Swipe is a mnemonic which stands for the following influencers of total measurement performance:

S- The Standard, is it certified and when, is it the proper class. For example in setting a bore gage to gage a 1” hole having a .00005” Bandwidth tolerance, if one were to use a class Y tolerance master, the uncertainty of the master alone could be as much as .0001” which is 20% of the total tolerance of the hole to begin with. The roundness of the master may be up to .00005” which is already 10% of the Gage R&R.

W- The Workpiece, every part varies, some more than others. Are the R&R operators aware of the variation within a part? Does the part have intrinsic taper, out of roundness conditions, surface finish variations etc. that can affect the measurements. Just by not taking measurements in the same place or zone on the part repeatedly can cause the R&R to suffer significantly. A .0001” out of roundness condition can consume 20% of the total part tolerance using the example above.

I- The Instrument itself obviously has linearity, and repeatability characteristics. Whatever they may be, clearly they add to the gaging uncertainty. In addition, certain instruments are more prone to operator loading, use, and care.

P- The Personnel and their ability to adapt the gage to the part is an ever important factor. Surely the gages vulnerability to operator influence can be considered the gage’s fault. However one should not discount the variation in touch and experiment that the operator brings to these tests. With some operators and their influence there may be no gages or inspection equipment made to perform the measuring task at hand. Surely an enigma, but best handled when best understood.

E- The Environment. Parts that are dirty, oily, or hot or even cold are poor candidates for R&R testing methods. They may represent the real world conditions but offer no stable ground on which to buyoff on a gages ability.

So there you have it, the SWIPE scenario. The answer may very well be that considering all of the variables, the only one that can be rectified is the gage’s intrinsic accuracy and repeatability. In this case it becomes necessary to obtain gages of a higher order. This may mean changing from Mechanically applied hand tools to Electronic or Air Gage tooling. These tools permit higher resolution and linearity and repeatability. They limit operator influence and offer output to SPC and signaling modules. The cost may increase but the value per item measured makes these types of tools irreplaceable.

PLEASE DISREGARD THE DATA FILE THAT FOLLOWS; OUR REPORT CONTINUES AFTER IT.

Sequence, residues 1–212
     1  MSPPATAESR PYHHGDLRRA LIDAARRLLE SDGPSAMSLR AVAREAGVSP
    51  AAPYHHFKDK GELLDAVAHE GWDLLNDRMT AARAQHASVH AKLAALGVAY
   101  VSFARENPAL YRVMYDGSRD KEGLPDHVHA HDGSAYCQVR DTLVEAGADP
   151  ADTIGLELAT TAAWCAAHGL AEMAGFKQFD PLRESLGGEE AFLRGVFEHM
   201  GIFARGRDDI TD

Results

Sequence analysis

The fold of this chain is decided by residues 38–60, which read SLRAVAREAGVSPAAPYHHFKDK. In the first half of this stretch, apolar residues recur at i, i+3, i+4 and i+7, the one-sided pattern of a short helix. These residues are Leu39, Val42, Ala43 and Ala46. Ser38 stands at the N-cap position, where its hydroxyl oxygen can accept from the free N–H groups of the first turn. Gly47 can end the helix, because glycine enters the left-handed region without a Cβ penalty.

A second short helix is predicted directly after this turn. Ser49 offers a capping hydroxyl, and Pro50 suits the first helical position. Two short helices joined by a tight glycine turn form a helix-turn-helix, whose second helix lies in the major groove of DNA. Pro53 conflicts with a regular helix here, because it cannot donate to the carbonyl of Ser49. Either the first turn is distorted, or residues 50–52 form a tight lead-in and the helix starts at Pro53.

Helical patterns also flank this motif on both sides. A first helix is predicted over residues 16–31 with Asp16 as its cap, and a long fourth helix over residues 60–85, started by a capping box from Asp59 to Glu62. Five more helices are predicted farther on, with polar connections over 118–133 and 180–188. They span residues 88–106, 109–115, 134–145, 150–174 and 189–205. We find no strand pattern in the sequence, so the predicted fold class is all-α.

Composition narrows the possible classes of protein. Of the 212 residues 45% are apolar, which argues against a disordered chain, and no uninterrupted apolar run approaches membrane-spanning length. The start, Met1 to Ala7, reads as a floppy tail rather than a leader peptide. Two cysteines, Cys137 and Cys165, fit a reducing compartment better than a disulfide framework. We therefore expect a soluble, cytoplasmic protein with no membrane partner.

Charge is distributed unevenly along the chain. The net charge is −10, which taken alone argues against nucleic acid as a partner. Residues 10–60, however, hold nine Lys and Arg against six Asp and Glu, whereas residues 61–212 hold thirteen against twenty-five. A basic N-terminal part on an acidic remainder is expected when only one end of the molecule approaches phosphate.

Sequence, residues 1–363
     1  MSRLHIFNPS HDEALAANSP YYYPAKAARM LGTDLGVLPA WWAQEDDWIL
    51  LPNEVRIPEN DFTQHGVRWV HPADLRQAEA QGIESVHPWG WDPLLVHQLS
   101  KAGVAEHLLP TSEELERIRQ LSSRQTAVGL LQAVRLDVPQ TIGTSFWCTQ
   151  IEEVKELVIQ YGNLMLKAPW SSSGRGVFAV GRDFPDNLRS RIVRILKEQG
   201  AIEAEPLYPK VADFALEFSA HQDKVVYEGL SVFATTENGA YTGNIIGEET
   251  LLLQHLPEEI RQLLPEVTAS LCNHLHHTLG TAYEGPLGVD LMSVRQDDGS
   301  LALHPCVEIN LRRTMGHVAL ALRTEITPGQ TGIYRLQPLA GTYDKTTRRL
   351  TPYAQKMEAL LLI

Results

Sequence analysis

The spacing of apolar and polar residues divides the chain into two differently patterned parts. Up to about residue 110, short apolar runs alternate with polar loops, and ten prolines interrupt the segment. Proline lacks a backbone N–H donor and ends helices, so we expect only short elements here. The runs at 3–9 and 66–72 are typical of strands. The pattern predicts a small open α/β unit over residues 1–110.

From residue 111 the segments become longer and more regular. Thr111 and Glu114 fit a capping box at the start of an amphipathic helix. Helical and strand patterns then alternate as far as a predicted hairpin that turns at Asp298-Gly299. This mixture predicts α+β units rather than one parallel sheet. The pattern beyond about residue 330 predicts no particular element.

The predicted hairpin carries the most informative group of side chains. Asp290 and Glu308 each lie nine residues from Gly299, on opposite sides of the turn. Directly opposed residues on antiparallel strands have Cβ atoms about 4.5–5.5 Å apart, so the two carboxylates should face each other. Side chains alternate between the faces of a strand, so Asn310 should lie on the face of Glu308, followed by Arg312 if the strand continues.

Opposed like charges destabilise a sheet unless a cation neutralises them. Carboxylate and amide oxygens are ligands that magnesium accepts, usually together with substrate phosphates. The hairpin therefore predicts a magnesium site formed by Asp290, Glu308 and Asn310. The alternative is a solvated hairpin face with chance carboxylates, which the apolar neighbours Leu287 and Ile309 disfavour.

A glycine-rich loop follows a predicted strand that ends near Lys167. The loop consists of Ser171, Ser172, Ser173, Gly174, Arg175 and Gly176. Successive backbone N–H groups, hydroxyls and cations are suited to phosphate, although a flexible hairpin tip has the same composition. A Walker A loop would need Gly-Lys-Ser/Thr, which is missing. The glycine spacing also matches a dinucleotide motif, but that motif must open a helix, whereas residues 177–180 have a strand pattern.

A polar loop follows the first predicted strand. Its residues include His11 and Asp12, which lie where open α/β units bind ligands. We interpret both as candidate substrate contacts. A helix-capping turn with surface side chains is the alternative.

Gage R&R, while an important measure in the measure of the measurement system requires careful consideration in its application.

4 Reasons Gage Calibration Is Important

Equipment calibration has always been a necessary part of maintenance. Regardless of the type of gaging equipment, calibration is a must for the purpose of maintaining quality. The accuracy of measurements taken with gaging equipment can start to degrade over time due to wear and tear brought on by extreme temperatures and harsh conditions. Without regular calibration, it can result in parts being made with incorrect dimensions. This can lead to costly rejections and repairs, as well as a decrease in product quality.

The following points will further explain the reasons gage calibration is important.

Maintain Accuracy

Gaging equipment is used in the field of engineering and design for measuring parts. Using gage devices is essential to get dimensional information and determine whether a part or an object meets a standard or a system. As mentioned, the accuracy of a gage device can degrade over time. Hence, to ensure that it provides accurate readings and is performing its job correctly, regular calibration is a must. This process verifies and restores the accuracy of the gage as needed.